One of my pet peeves: when celebrities don’t disclose the type of cancer that they’re battling. They could at least devulge it in their obituary. Most of the rest of us disclose it. Obviously I’ve done so much more. I’m not implying everyone needs to be as open as I am. But come on: inquiring […]
Ellen Stovall should be in the cancer activist hall of fame. I never met her; never even heard of her. But lengthy obits in the New York Times and USA Today was my first hint how special she was.
These are the posts I dread writing. One of my closest myeloma friends, Sara Lathan, from Charlotte, North Carolina, lost her extended fight with multiple myeloma earlier this week.
As often happens after I memorialize someone, I got several emails from others that recently lost their loved ones. One graciously thanked me for sharing my journey Friday, revealing that she had lost her husband after a short, six month struggle with multiple myeloma.
Thanksgiving is all about family and friendships. I have made some amazing friends during my myeloma journey. Some I’ve never met. We’ve simply emailed regularly for years.
Writer Greg Brozeit reminds us that any myeloma patient that has ever taken dexamethasone owes Mike Katz a heartfelt “Thank you!”
Living to Make a Difference: Mike Katz (Part Two)
I wrote briefly about 25 year multiple myeloma survivor, Mike Katz, earlier this week. But I didn’t really know him; we only spoke briefly when our paths would cross at receptions, or when he was working in the IMF’s exhibition booth at ASH or ASCO.
Mike Katz was the longest living myeloma patient I’ve ever met; I believe it has been 25 years since he was first diagnosed.
A number of readers from the Western U.S. emailed me about author Ivan Doig’s passing. The popular and well published novelist from Idaho died last week from complications related to his ongoing battle with multiple myeloma.
Ivan Doig dies at 75; writer captured the American West
April 13, 2015 – Associated Press and the L.A. Times
I’m disillusioned this morning. Waking up to our favorite am news show, CBS This Morning, I was bombarded by stories about corrupt politicians and others that only seem to care about themselves. I know all too well that none of us are perfect. But here’s a radical thought: Why can’t people just be nice?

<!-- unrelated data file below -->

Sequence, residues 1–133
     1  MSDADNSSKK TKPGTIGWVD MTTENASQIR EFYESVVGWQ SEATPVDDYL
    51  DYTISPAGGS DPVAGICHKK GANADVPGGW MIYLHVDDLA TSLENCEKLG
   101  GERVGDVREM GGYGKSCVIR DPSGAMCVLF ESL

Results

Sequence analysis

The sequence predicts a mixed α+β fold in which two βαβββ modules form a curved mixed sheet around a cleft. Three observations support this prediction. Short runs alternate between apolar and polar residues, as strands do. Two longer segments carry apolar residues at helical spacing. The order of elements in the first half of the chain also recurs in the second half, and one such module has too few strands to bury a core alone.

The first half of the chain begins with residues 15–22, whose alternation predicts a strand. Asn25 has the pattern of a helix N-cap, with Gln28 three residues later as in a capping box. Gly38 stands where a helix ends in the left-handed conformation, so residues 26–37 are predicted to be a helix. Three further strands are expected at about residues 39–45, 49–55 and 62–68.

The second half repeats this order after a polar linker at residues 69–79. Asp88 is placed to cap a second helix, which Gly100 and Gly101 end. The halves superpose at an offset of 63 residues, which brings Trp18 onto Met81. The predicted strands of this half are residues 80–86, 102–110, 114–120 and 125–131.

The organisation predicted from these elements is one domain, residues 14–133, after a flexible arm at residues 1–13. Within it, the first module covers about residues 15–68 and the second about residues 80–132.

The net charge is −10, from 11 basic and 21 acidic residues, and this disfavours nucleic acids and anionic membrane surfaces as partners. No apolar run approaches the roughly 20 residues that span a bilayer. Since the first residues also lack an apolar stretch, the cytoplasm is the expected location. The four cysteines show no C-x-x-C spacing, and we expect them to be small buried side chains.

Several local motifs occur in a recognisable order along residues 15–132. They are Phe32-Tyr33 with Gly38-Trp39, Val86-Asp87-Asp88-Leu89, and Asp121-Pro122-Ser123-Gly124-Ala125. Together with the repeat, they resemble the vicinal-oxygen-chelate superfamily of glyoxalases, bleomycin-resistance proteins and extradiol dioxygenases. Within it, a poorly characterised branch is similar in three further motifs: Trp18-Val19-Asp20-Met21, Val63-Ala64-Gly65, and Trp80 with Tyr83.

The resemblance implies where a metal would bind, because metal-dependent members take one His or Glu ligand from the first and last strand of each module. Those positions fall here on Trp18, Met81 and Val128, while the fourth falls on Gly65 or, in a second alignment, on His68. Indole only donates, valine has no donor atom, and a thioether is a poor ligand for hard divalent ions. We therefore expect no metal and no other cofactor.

I was devastated to learn that another close friend, Jim Byrd, died this week.
In July I ran a pair of Patient Snapshot posts about multiple myeloma patient, Don Hamilton, and his wife and caregiver, Joan:
Patient Snapshot: Don and Joan Hamilton from Ohio (Part One)
Patient Snapshot: Don and Joan Hamilton from Ohio (Part Two)
What a nice surprise! Last night I received an email from an old friend, Joan Liedl. Joan was wife and caregiver to a good friend of mine, Loren, who passed away back in January of 2010.
I learned yesterday that Arnie Goodman had died.
Major League Baseball’s annual All Star Game was played last night at Target Field in Minneapolis. My dear friend, Karl Vollstedt, was a huge Minnesota Twins fan. As I leaned over to pick up the phone to congratulate him and chat during the game, I was jolted back to reality: Karl died in April.
The joy I felt from yesterday’s fun, frivolous post quickly gave was to an overwhelming wave of sadness. My dear friend, Millennium Patient Ambassador and broadcast myeloma support group member, Sandy Hirsch, died earlier this weekend from complications associated with her high risk multiple myeloma.
One of my closest friends died Thursday night. Karl Vollstedt was the most generous and positive person that I’ve ever known.
For the past two days I’ve shared details about Neil’s allo transplant recovery from hell. Pulling his story together has caused me pause; I can’t imagine putting Pattie through something like this. But things were looking up. Hopefully the worst was behind them.
The myeloma community has lost a dear friend, Laurie Arnn. I first met Laurie online a year or so ago. Despite enduring an unfair number of serious myeloma related side effects, she was always upbeat and positive.
I want to thank everyone who has kindly commented, called or emailed me after reading yesterday’s post. Your compassion and empathy have lifted my spirits and helped me cope. So far, so good!